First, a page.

Houston Airport System Shifts from CNG to Hybrid Vehicles

November 2006, Government Fleet - Feature

by Matthew Le Grande

While compressed natural gas (CNG) is cleaner burning and cheaperthan regular gasoline, the Houston Airport System (HAS) — consisting of George Bush Intercontinental, Ellington Field, and William P. Hobby airports — has decided to purchase hybrids for further fuel economy and emissions reductions.

Hybrids are More Fuel Efficient
Airports have increasingly purchased “greener” vehicles as more people begin to understand the importance of reducing fossil-fuel emissions. Initially, HAS officials began buying CNG vehicles because of their lower price. However, they soon realized that hybrid vehicles (which run on gasoline and an electric motor) provided abetter gasoline alternative than CNG.

Hybrids may be more expensive, but they make up for the added cost in fuel economy. The Toyota Prius, for example, can achieve approximately 50 mpg under optimal conditions.

Hybrids capture energy created when the driver brakes. This energy is then stored in the vehicle’s battery and used to propel the vehicle at slower speeds.

CNG vehicles provide a limited driving range because CNG is twice the volume of petroleum; therefore, a tank of CNG does not provide the same range as a tank of petroleum. CNG may be cleaner and cheaper than petroleum, but the benefits become less significant because aCNG vehicle requires more fuel to travel the same distance as a hybrid vehicle.

Hybrid Fueling Convenience
CNG’s key weakness is the limited availability of fueling stations. For individuals with CNG vehicles, making special trips to a station may be a small hassle, but for a fleet of CNG vehicles, the price of such trips becomes troublesome. There’s also the unreliability of depending on a single alternative-fuel source. HAS does not have an on-site fuel station, and the off-site private fuel station where it purchased natural gas has closed.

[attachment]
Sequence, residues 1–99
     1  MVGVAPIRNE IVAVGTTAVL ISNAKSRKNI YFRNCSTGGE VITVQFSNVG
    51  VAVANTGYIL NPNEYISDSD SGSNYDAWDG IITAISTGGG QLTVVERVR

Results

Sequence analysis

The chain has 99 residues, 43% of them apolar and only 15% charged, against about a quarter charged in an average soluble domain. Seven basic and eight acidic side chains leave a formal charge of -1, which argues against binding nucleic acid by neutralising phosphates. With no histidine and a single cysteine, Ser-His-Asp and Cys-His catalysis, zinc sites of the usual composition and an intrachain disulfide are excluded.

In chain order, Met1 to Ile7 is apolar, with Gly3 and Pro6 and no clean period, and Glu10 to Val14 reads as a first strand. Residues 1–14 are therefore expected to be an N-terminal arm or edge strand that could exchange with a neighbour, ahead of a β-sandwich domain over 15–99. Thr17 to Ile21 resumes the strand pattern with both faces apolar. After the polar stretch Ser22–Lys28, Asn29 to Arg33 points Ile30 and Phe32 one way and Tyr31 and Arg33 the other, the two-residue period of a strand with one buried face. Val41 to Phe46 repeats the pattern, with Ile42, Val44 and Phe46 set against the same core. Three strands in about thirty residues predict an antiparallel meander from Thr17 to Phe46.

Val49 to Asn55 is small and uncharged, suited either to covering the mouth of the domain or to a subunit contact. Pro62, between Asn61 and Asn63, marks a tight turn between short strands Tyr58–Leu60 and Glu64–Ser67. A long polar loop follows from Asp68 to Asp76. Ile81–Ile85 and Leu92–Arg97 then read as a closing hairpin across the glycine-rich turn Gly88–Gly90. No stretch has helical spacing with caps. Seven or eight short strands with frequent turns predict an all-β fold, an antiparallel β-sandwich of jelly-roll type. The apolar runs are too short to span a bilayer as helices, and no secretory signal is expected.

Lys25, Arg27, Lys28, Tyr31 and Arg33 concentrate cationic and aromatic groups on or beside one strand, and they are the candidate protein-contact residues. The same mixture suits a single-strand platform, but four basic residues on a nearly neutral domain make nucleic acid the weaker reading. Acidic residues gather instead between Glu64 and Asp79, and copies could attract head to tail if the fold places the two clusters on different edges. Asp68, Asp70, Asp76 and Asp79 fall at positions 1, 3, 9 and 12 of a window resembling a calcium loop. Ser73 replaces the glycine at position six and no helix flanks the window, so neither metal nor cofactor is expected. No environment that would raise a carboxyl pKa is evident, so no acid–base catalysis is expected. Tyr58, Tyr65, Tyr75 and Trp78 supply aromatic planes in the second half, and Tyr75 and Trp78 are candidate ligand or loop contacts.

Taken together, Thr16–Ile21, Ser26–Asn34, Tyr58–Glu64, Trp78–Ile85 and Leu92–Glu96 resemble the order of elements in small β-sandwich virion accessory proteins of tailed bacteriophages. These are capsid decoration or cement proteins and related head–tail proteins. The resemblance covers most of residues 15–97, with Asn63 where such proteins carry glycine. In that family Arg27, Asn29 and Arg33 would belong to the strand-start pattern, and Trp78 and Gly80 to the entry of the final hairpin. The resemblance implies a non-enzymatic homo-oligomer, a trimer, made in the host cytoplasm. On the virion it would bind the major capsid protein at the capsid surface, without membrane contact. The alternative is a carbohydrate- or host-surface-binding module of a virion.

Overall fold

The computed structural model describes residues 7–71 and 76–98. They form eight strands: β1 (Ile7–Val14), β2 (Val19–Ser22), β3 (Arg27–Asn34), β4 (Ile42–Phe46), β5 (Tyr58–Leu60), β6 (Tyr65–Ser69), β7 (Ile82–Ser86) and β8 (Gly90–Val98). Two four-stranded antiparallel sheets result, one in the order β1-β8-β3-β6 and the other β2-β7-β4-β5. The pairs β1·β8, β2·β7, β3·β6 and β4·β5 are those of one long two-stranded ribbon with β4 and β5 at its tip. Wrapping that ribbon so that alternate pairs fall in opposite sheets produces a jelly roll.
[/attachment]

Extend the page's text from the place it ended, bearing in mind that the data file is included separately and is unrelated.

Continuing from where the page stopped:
“In 2004, all departments within the city of Houston were directed to order hybrid vehicles and salvage their CNG vehicles,” said Jerry Crenshaw, HAS fleet manager. “We are disposing of all our CNG vehicles, excluding those that operate on both gas and CNG, and selling them through public auctions.”

Since the beginning of September, HAS has purchased 18 hybrid vehicles, according to Crenshaw. “Within the next five years wemay purchase 34 additional hybrids, a combination of Prius and Escape models,” he said. “This number could go up if other hybrid vehicle models become available — like a half-ton pickup truck.”

An Earth-Friendly Trend
Saving money by achieving increased fuel economy and reducing fossil-fuel emissions has made hybrid vehicles popular with other airports as well.“Based on communications I have received, other airports are replacing their conventional sedans with Toyota Priuses and their smaller SUVs with Ford Escape hybrids,” said Crenshaw.

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